Our Public Schools - The Great "American Equalizer" is In Danger of Disappearing

By: Jeffrey T. Sultanik, Esquire, Chair of the Education Law Group, Fox Rothschild LLP

Every Monday-Friday from 6:00 a.m.-7:00 a.m., I read the online versions of School Business Daily, Employment 360, and The New York Times. I do this so that I can keep not only up-to-date to satisfy my own intellectual curiosity, but also to provide that type of broad-based legal advice that all the consultants say is necessary to provide the value-added legal advice that clients deserve.

Over the past year, the focus of these publications (primarily School Business Daily) has been to report about the crises that are being faced by public school entities throughout the nation, along with Canada. There isn’t a day that I read stories outlining extensive furloughs of teaching and support staff, referenda failing to raise taxes, state pension funds being seriously underfunded, school entities seeking protection under Chapter 9 of the bankruptcy laws, increasing labor strikes because of constrictions in the ability of school districts to pay a fair compensation level to its professional and non-professional staff, proceeding to shorter school years and work weeks for the purposes of saving money, and state legislatures grappling to deal with mounting debt and an inability to meet the educational needs of the students.

Indeed, in the State of Pennsylvania, Pennsylvania’s only way to fulfill the obligation to pay the basic education subsidy to Pennsylvania school districts was as the result of the federal stimulus funds, which are scheduled to run out at the conclusion of the 2010-2011 school year. The State will then be forced to make up the $760 million it received from a tax base that is suffering from a prolonged recession that does not seem to benefit most of the school entities in the State. Coupled with state statutory restrictions on districts’ ability to raise additional income because of our reduced statewide average weekly wage and a reduced employment cost index for secondary schools, the future of public education in Pennsylvania as we know it is in serious danger. Pennsylvania is not alone.

In my 31 years of observing public school entities, primarily in the State of Pennsylvania, I will be the first to say that the school districts that I have represented over these years have not always done things in the most optimal and efficient manner. I am also aware that the school districts I represent are laden with a myriad of federal and state mandates and competing community concerns about the delivery of the educational program that stretches the ability of any board to effectively satisfy its constituencies.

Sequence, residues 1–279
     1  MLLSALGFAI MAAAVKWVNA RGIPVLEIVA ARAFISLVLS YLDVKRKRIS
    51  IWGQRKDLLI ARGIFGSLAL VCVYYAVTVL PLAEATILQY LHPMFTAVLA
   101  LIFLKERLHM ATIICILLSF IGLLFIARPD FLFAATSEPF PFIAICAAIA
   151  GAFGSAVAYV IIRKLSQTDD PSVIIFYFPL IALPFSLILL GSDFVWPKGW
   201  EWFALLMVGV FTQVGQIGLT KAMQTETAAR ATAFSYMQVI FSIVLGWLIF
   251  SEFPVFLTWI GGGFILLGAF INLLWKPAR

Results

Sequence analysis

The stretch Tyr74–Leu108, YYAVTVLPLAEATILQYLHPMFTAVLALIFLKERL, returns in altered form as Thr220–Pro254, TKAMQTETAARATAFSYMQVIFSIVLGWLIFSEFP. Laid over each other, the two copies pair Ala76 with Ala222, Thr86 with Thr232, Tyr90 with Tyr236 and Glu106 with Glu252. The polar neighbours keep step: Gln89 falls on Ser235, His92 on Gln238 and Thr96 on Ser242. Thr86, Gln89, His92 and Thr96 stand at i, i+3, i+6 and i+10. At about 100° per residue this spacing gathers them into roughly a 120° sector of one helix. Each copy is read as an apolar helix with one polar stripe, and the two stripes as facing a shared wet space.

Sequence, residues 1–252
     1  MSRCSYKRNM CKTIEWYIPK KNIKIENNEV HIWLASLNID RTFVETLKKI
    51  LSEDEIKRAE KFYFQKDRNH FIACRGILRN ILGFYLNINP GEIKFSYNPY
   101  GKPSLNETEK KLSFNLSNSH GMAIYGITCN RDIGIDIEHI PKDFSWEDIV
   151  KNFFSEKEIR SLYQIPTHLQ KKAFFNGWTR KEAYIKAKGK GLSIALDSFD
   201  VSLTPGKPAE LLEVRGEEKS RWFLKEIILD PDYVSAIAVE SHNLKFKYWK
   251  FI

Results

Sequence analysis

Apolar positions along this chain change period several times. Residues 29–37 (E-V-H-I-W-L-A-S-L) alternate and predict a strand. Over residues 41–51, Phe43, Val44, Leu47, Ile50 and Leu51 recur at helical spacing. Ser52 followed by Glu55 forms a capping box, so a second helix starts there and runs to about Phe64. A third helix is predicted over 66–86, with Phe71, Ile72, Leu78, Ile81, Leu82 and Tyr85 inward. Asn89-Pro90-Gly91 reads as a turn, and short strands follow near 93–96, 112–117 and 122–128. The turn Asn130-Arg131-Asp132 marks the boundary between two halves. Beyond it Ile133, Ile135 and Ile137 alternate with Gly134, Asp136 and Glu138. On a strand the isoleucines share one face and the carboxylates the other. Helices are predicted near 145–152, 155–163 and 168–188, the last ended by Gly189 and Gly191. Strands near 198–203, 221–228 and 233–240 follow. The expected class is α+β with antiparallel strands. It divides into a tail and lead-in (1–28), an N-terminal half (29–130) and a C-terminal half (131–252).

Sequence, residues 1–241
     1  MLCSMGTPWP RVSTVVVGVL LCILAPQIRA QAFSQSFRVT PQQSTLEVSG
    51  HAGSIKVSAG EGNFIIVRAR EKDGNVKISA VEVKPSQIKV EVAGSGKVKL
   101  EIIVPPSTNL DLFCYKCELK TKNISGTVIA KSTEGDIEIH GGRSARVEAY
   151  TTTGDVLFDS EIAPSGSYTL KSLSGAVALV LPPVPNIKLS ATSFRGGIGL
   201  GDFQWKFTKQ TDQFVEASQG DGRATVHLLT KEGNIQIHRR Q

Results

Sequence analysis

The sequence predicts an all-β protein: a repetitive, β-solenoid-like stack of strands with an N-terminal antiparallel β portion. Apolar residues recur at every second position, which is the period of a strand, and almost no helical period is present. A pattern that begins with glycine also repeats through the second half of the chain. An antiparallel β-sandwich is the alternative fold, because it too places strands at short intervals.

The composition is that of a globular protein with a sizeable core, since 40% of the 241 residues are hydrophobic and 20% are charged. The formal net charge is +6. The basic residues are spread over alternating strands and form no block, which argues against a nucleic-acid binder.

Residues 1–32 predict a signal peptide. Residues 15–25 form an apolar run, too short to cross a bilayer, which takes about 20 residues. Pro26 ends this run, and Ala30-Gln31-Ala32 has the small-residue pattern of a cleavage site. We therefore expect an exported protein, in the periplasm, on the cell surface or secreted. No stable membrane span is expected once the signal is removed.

That being said, I do believe that the future of public education is clearly at risk. In Pennsylvania, the state legislature is faced with a serious funding shortfall for the state pension system for state employees (SERS) and for public school employees (PSERS). The projected rate spike will start in 2012-2013 and has the potential of making almost every one of the 500 school districts in the Commonwealth of Pennsylvania insolvent and unable to fulfill its statutory requirements to pay its pension obligation.

Thusfar, the reaction of the Pennsylvania legislature is to hold hearings and study the issue. In the meantime, the failure to address the “pension spike,” which was exacerbated as the result of our poor economy, is putting the brakes on the viable negotiations of successor labor contracts and essentially paralyzing the ability of even the most reasonable of school boards to resolve any compensation or wage-related issues that will extend beyond the 2011-2012 fiscal year.

Unfortunately, I have not seen that either the state legislature or the federal government has exercised the kind of intestinal fortitude that it will take to address the crisis that will affect us even if the economy slowly improves and recovers from the October 2008 collapse.

Unless our legislature and federal government successfully addresses the issue of education, the system is, in my opinion, on the verge of collapsing within the next 2-3 years.

What will it take to resolve this problem? As stated before, it will take a level of intestinal fortitude that is typically not seen at the legislative level. We have to unfortunately come to terms with the fact that we will no longer have the financial horsepower to operate our educational system in the way that we know it. There will have to be significant changes both structurally and substantively in order for us to inch our way out of the “educational depression” of our time.